OPM Breach: Where is the Data Going?

Tuesday, June 16, 2015

Peter Zavlaris

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The OPM breach has drawn national attention and rightfully so. However, at first blush the attack seems typical of a particular threat actor that continues to successfully breach large organizations and steal PII.

In the wake of such attacks, orgs typically look to enhance perimeter based security. However, all their doing is building costly and increasingly ineffective virtual Maginot Lines. Just like the Maginot Line was back in WWII, this strategy is a decade behind and fatality flawed.

The data orgs are supposed to protect, plus their end users/customers, their adversaries, and employees continually drift further and further outside of their defensive perimeter leaving increasingly wider gaps in security.

The impact of the OPM breach extends beyond the act itself. Personal information becomes valuable data to be used down the road for further breach activities or intelligence gathering. The OPM has warned those affected to be on the lookout for email or phone phishing attempts.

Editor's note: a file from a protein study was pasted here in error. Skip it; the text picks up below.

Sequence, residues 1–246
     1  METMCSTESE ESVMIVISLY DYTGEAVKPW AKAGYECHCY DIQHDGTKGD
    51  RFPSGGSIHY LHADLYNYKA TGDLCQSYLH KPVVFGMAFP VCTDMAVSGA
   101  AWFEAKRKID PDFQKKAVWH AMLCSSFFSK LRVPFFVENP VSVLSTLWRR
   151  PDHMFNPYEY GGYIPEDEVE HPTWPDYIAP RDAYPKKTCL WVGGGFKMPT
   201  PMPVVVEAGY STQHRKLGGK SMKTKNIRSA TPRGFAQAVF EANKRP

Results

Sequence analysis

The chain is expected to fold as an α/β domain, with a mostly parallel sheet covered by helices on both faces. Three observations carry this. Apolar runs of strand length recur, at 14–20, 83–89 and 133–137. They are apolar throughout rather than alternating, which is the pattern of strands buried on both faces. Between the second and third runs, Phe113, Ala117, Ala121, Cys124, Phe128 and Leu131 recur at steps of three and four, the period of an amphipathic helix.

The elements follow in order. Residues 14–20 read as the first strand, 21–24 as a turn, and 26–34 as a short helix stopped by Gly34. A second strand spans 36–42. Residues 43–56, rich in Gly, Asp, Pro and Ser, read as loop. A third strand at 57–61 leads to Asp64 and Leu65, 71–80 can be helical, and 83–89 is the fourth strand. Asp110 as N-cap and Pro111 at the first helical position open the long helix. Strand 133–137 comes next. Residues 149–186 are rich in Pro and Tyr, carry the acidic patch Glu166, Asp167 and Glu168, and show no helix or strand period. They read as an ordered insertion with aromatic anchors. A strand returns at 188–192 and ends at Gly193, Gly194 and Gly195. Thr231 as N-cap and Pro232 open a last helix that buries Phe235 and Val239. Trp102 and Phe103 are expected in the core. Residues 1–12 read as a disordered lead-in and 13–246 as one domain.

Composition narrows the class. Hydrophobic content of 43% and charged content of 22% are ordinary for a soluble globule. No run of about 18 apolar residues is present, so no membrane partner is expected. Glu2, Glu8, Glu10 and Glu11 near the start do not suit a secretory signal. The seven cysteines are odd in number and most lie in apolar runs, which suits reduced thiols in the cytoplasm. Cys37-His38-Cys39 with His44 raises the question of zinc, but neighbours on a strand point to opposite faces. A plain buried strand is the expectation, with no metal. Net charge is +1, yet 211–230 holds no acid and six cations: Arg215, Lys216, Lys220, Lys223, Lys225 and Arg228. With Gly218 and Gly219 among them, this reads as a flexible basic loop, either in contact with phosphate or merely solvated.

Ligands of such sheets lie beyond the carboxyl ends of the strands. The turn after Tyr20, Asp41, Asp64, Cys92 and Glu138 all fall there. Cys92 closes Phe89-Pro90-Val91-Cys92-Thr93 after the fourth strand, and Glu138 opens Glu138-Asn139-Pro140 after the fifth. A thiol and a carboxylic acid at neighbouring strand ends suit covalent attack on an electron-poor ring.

iSight senior manager John Hultquist points out, “It looks like they are casting a very wide net, possibly for follow on operations or identifying persons of interest, but we’re in a new space here and we don’t entirely know what they’re trying to do with it.”

The punch line is that none of the stolen data connected to this threat actor has appeared on dark web forums. Meaning that the motivation behind these attacks isn’t to monetize this data. The truth is that no one other than the threat actors themselves — and potentially the nation state they allegedly work for — know exactly what they’re doing with the data.

If improving targeted phishing — so called ‘spear-phishing’ attacks — is the goal of the threat actor, data from the Verizon Data Breach Investigations report offers a bleak outlook. Findings from the report show that it takes just 10 emails to yield a 90% chance of at least one person becoming a victim.

Phishing attempts and targeted attacks can also diversify to incorporate other types of campaigns — including malvertising. Malvertising is attractive to cyber criminals because of the advanced targeting capabilities that come standard with ad delivery. If you know who your targets are, it helps you tailor your attacks to ensnare them. Plus, you can scale attacks to spread malicious ads across dozens or even hundreds of websites your victim is likely to visit.

Regardless of what methods are being used, the ability of defensive security postures to defend against attacks that drift further outside the perimeter is deteriorating. The information used to verify identities online continually falls into the hands of the adversary. The impact will be more targeted attacks and continual success in breaching defenses and accessing critical information.

This was cross-posted from the RiskIQ blog.

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